Brooklyn then and now, according to Bloomberg
Brooklyn’s doing well, according to Mayor Michael Bloomberg, one of whose parting gifts as he leaves office is an evaluation of changes in each borough over the past 12 years, while he was in office.
Bloomberg’s office charted the borough’s progress in a variety of subject areas, from population (up more than 94,000, as of July, 2012, when the population was calculated at 2,565,635) to crime (a 43 percent decline in murders, and a 35 percent drop in shootings).
There were 141 murders in Brooklyn in 2013, as of December 15, compared with 249 at that time in 2001. In addition, there were 462 shooting incidents in Brooklyn in 2013; as of mid-December, 2001, there had been 712.
Other salient statistics released by the mayor’s office included a 29 percent decrease in the number of traffic fatalities in Brooklyn over Bloomberg’s three terms, and the addition of 43,457 new units of affordable housing in the borough.
In addition, the mayor’s office says that under Bloomberg, 102 acres of parkland have been added across the borough, with 106 new parks overall, and more than 150,000 trees planted since 2007. The city has also added some 84 acres of waterfront parkland under Bloomberg, according to the mayor’s office.
In the economic arena, according to the statistics released by the mayor, nearly 79,000 private-sector jobs have been added in Brooklyn since 2002, representing a 19 percent increase. Nationally, according to the mayor’s office, the job growth has been under three percent.
Some of those jobs are in the hospitality and tourism industries. With 36 new hotels over the course of Bloomberg’s tenure, “industry jobs have nearly doubled” in Brooklyn, according to the material provided by the mayor.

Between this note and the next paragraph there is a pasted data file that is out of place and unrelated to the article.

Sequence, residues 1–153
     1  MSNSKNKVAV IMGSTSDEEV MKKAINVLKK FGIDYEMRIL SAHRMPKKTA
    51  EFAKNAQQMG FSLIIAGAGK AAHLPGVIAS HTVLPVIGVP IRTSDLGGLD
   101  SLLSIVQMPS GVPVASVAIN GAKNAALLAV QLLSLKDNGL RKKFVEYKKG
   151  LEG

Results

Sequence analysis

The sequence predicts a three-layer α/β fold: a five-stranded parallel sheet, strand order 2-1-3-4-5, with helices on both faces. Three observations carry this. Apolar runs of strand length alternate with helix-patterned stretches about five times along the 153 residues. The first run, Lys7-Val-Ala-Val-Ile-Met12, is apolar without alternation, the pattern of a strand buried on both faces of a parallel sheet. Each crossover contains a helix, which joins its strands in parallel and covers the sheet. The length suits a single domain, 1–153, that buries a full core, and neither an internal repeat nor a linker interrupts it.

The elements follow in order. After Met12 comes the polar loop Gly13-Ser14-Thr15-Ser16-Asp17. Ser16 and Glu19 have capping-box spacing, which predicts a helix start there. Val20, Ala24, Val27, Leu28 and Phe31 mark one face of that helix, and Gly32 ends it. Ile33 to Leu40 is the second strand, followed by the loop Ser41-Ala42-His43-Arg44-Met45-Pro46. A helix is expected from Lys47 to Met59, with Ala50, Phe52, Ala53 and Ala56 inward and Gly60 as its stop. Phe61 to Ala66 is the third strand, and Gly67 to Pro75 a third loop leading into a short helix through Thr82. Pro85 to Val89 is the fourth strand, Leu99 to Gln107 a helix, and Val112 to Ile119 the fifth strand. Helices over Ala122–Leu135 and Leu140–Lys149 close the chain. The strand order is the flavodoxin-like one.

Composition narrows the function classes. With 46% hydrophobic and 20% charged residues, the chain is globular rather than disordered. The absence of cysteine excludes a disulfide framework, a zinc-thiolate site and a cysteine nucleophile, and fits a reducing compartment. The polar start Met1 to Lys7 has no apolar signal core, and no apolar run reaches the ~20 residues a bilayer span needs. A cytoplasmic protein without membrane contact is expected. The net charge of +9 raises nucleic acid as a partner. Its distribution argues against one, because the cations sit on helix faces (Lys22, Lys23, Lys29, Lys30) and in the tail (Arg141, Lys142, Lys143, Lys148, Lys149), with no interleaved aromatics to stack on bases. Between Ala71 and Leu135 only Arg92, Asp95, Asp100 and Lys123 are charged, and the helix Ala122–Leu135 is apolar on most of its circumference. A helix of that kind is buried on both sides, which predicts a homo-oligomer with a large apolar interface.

In the area of the arts, according to Bloomberg, the city has finished over 100 cultural capital projects in Brooklyn since he took office. Among these is the Brooklyn Cultural District, anchored by BAM, Theater for a New Audience, BRIC Arts/Media House and UrbanGlass.
The cultural institutions are drawing more visitors as well. While 2,455,208 visited them in 2001, that number had gone up to 2,624,075 in Fiscal Year 2013.
In other areas, there have been 29,068 new school seats added in the borough, and 219 new schools (many of which were carved out of old schools determined by the city to be failing). According to Bloomberg, the graduation rate is now up to 65 percent, a 33 percent increase since 2002.
Finally, the longevity of borough residents has increased, with men living an average of three years longer than they did back in 2001, and women living almost three years longer than in 2001. In addition, from 2002 to 2012, the percentage of smokers in Brooklyn decreased from 19.7 percent to 16 percent, according to the mayor’s office.
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